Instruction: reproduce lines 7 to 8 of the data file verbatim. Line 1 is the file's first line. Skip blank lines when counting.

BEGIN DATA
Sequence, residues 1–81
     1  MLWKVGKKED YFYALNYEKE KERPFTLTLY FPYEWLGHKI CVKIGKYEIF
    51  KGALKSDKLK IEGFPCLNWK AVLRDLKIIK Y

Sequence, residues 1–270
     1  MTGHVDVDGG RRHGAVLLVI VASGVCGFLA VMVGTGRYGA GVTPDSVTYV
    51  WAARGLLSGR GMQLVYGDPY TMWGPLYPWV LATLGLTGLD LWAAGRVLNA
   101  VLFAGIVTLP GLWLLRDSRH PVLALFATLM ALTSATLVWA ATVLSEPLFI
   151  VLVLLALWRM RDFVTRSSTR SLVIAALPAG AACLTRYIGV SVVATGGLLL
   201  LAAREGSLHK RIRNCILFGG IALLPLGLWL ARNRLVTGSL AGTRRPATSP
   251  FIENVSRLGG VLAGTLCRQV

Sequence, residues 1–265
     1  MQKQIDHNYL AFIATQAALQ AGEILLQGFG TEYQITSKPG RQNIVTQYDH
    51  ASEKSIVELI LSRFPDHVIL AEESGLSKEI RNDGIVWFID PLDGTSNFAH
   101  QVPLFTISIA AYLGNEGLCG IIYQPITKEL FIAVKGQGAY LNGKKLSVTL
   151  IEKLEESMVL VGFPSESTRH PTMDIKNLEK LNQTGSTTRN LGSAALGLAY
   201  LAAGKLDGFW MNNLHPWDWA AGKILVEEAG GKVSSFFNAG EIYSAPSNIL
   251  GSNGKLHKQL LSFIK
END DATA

   101  VLFAGIVTLP GLWLLRDSRH PVLALFATLM ALTSATLVWA ATVLSEPLFI
   151  VLVLLALWRM RDFVTRSSTR SLVIAALPAG AACLTRYIGV SVVATGGLLL